Tips and Tactics for Building a Law Podcast Following
If you’re an attorney or legal marketer who has recently launched a legal podcast, you’ve either discovered or been coached to accept a stark reality: the millions of subscribers never came. But that was never the point. And, hopefully, that’s not how you’re measuring success.
However you should be working actively and ongoing to grow your audience within the niche you’re (hopefully) targeting. Here are a few things you’ve likely tried, and a few others you may want to consider.
Pick the Low-Hanging Fruit
Don’t presume that your constituents will magically discover your podcast. Most won’t. We are too busy and too otherwise distracted to take note of all or our colleagues’ new endeavors. We must be told—seven times, before we hear it the first time (so The Rule of Seven argues). So make sure you are checking all of the easy boxes—the owned channels that you or your marketing department controls:
- Post each episode to all social media accounts as it comes out
- Announce each new episode in your marketing email or newsletter
This goes for both your own personal accounts on LinkedIn, Twitter, Facebook, etc., but also those of your firm as well. Two other considerations:
Put a permanent link to the podcast homepage in your email signature.
Personally inform important clients and warm prospects by sending an individual email with a link to new episodes, perhaps contextualizing the takeaways to conversations you may be having with said client or prospect.
Optimize for Search
Use every opportunity at your disposal to include relevant keyword phrases into every written companion piece you’re using to host or promote your podcast:
Include industry-appropriate phrases and terminology in your show description where the podcast is hosted.
Also include the most relevant and targeted keyword phrases in the terminology you use in each episode’s show notes.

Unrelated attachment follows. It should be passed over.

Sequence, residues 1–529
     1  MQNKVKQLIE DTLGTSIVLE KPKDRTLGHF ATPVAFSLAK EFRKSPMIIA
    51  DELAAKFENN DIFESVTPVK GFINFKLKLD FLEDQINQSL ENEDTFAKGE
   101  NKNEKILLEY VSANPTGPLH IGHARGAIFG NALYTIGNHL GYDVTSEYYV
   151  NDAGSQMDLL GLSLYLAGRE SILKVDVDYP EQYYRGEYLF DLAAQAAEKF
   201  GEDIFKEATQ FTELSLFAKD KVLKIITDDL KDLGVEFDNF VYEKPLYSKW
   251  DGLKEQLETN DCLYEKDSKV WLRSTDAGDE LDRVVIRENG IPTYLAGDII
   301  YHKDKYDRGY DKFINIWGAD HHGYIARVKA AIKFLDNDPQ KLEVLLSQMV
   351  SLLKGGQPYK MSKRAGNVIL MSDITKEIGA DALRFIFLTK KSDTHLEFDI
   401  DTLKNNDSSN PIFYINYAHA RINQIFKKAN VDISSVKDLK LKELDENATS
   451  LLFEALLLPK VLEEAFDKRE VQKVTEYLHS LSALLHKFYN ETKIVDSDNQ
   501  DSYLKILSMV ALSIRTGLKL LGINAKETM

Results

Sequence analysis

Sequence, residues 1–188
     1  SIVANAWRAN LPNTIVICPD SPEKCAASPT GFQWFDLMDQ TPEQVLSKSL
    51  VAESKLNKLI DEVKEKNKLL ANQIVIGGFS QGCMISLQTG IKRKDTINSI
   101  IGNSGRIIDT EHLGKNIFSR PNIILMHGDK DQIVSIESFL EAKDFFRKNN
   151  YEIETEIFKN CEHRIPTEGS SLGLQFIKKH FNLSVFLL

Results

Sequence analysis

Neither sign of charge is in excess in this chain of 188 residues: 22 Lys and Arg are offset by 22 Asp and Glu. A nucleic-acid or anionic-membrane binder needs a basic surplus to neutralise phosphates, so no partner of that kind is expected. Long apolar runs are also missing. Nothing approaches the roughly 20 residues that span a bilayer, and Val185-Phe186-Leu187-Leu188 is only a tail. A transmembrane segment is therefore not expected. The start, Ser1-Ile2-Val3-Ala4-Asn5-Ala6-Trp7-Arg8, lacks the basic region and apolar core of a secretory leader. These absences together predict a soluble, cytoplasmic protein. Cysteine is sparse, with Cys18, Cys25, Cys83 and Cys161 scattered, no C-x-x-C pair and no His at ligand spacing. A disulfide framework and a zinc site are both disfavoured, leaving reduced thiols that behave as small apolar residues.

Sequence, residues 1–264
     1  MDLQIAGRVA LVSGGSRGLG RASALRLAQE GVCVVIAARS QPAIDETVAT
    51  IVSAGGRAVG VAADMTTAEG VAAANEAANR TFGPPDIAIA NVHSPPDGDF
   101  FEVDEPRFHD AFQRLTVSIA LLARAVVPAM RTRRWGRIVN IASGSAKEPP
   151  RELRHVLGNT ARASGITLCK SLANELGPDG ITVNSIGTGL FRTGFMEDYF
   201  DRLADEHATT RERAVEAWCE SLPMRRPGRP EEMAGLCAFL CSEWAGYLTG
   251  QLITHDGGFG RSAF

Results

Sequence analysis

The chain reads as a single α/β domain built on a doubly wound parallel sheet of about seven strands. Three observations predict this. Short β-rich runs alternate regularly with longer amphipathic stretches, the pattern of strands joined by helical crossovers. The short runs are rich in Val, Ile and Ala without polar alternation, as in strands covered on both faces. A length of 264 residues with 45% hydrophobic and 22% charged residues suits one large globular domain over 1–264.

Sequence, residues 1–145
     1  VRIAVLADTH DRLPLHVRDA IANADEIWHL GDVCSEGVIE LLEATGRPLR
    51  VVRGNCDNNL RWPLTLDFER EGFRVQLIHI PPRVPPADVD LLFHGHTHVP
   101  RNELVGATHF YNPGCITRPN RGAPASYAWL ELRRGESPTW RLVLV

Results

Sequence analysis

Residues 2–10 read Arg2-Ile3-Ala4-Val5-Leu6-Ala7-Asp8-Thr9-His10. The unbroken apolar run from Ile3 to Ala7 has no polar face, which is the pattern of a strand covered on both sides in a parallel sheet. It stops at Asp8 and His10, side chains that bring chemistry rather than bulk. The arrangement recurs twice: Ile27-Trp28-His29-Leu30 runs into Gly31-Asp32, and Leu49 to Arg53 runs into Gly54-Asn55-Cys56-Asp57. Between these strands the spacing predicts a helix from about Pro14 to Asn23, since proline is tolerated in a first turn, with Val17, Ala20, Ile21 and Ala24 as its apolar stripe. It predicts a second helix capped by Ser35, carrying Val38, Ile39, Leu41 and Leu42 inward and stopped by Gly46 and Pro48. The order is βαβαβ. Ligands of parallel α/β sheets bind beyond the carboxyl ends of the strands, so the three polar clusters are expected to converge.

Consider purchasing a keyword-rich, target-relevant website name and URL to either host and broadcast the podcast itself, or at least use domain forwarding to redirect users to the actual podcast host. For example, an M&A attorney might name a podcast “Mergers and Acquisitions Law Podcast” and purchase/deploy the URL “MandALegalPodcast.com” or some such. Both the name of the podcast and the URL, therefore, will help searchers find your podcast and elevate your SEO page rank
You want to take every measure possible to ensure that anyone looking for your particular podcast can find yours...and not a competitor’s.
Be Intentional in Your Guest Strategy
If you might humbly describe your own personal network as “modest” or even “paltry,” consider the guests you book as industry influencers, and leverage their larger networks to grow your audience:
They likely will without asking anyway, but reminders and helpers won’t hurt. It’s a great way to not only get wider exposure for one particular episode, but to broaden your audience more generally and ongoing as well.
Look for Syndication Opportunities
If you’ve narrowly positioned your target audience for the podcast (as I strongly recommend), your content will naturally align with existing, large platforms that already have healthy, engaged and highly interested audiences—target-rich environments for your content and expertise.
As an example, JD Supra has been gracious enough to publish some of my own podcast’s (The Thought Leadership Project podcast) episodes on its platform, as our content targets their user base closely.
Deploy Lures and Digestible Gateways
People are busy. There has never been greater competition for attention nor more numerous, intrusive distractions. Remember that you are inviting an audience to consume long-form content. There will be a time and place for a potential audience member to subscribe and consume an entire episode or more of your podcast—at the gym, on a walk, during a commute, etc. But your touchpoint might not be that precise moment. A LinkedIn status update may actually lure someone away to your podcast, but what you’re really trying to do is give busy professionals a byte-sized nugget to instantly digest, while you’re continually drawing their interest and eventual patronage to your podcast.
An infographic that either simply crystallizes the episode’s chief takeaways or creates enough of a teaser to get someone to stop, take notice, and at least process the topic you are addressing or the expertise you provide. Even if they don’t stop and subscribe to your podcast right that very instant, you have at least made a thought-leadership impression on the user, and hopefully planted a seed to be reaped later when that person remembers to go back and find your podcast and listen to the whole episode.